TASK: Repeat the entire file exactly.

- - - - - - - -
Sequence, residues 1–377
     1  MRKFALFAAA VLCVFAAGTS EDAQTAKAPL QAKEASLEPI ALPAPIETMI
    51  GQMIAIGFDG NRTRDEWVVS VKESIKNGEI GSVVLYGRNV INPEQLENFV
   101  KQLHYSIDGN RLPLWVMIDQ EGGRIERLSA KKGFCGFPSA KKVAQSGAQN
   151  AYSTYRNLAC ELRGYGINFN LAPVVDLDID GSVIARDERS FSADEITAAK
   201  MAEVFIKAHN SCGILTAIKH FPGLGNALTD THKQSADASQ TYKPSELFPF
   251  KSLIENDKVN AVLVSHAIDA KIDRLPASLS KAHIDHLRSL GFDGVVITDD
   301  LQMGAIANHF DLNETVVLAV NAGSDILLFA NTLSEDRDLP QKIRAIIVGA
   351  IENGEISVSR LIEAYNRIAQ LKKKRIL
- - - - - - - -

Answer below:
Sequence, residues 1–377
     1  MRKFALFAAA VLCVFAAGTS EDAQTAKAPL QAKEASLEPI ALPAPIETMI
    51  GQMIAIGFDG NRTRDEWVVS VKESIKNGEI GSVVLYGRNV INPEQLENFV
   101  KQLHYSIDGN RLPLWVMIDQ EGGRIERLSA KKGFCGFPSA KKVAQSGAQN
   151  AYSTYRNLAC ELRGYGINFN LAPVVDLDID GSVIARDERS FSADEITAAK
   201  MAEVFIKAHN SCGILTAIKH FPGLGNALTD THKQSADASQ TYKPSELFPF
   251  KSLIENDKVN AVLVSHAIDA KIDRLPASLS KAHIDHLRSL GFDGVVITDD
   301  LQMGAIANHF DLNETVVLAV NAGSDILLFA NTLSEDRDLP QKIRAIIVGA
   351  IENGEISVSR LIEAYNRIAQ LKKKRIL